Announcing the new MacBook Airs today, Apple marketing chief Philip Schiller noted that the line was already the "industry leader for thin and light notebooks."
Schiller pointed to figures showing Apple's Mac lineup earning top spots in the PC industry even as the sector stumbles, with MacBooks and iMacs taking the number one spot in the U.S. for their respective categories.
The refreshed MacBook Airs build on a wealth of fresh technologies, most notable being a drastically increased battery life thanks to Intel's new Haswell processors. The silicon will enable up to 12 hours of normal use for the 13-inch model and up to 10 hours for the 11-inch model, as well as up to a month of standby for both.
By comparison, the previous generation of MacBook Air, according to Apple, was capable of up to five hours of battery life on a single charge for the 11-inch model. The 13-inch model could get up to 7 hours of use on a single charge.
As had been rumored, Apple also built improved Wi-Fi connectivity its new Airs, likely signaling a similar rollout across the Mac lineup in the months to come. The addition of 802.11ac, the fifth-generation wireless standard, will enable connection speeds of up to 1Gbps per second over two channels, with a maximum theoretical speed of 1.3Gbps, or roughly 50 percent faster than the current 802.11n spec.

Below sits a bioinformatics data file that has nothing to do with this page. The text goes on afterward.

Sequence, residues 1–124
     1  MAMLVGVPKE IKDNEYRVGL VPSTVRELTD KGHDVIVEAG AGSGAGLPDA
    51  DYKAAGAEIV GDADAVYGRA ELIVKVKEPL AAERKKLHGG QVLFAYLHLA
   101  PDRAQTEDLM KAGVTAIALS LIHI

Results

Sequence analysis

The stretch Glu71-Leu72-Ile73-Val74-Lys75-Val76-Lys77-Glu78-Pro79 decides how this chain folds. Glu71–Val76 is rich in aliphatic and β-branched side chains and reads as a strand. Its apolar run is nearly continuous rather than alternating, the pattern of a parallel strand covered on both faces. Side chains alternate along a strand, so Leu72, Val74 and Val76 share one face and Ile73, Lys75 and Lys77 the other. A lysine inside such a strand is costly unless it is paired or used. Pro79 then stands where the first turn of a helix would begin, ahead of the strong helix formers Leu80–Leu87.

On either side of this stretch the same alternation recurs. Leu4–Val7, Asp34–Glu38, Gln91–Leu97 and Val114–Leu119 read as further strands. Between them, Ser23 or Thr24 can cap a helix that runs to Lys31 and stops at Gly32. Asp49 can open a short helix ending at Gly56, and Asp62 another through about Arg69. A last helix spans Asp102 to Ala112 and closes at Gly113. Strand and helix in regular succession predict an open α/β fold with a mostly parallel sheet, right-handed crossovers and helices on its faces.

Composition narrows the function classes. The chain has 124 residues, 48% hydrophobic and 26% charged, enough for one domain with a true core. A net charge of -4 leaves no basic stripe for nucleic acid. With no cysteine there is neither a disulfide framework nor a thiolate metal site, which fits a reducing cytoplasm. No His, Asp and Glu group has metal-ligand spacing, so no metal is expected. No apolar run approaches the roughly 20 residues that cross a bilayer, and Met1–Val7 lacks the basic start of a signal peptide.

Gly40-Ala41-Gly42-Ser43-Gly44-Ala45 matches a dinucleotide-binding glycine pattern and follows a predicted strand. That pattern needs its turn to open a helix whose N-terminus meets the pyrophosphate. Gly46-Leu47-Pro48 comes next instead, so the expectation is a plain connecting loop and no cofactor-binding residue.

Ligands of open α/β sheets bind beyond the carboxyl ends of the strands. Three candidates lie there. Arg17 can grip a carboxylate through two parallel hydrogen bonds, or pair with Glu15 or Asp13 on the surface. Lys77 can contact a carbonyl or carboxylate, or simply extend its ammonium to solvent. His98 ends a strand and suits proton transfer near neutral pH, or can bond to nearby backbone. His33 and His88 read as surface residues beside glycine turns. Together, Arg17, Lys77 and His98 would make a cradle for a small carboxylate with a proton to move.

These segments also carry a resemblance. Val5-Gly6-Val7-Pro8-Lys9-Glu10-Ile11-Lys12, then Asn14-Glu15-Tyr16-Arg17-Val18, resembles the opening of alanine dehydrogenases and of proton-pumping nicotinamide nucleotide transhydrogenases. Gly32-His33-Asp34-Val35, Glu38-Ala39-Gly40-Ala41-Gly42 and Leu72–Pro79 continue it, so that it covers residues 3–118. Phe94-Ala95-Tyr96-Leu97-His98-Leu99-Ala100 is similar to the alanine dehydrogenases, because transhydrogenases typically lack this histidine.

Apple also took time to tout improvements to the flash storage that allows the company to make the Air as thin as it is. The new flash components are said to be up to 45 percent faster than the preceding generation, allowing speeds up to nine times faster than a traditional 5400-rpm notebook hard drive. Such speeds will likely have a significant impact on how quickly the new Airs wake from sleep.
As predicted by KGI analyst Ming-Chi Kuo, Apple added dual microphones to the thin-and-light for improved voice quality for VoIP and FaceTime calls. Also included in the latest Air is one high-speed Thunderbolt port and two USB 3.0 ports, a FaceTime HD camera and support for dual displays.
Many observers expected a refresh of the MacBook Air line due to the dwindling supply of the devices in the weeks leading up to Monday's event. Many of the notebooks' new features had been anticipated in rumors, but one that did fail to materialize was the addition of a Retina Display like that seen with the MacBook Pro line. The higher resolution display, though, requires more energy to power, and the Air likely could not maintain the small frame that is its signature were it to put in a battery large enough to power a Retina Display all day.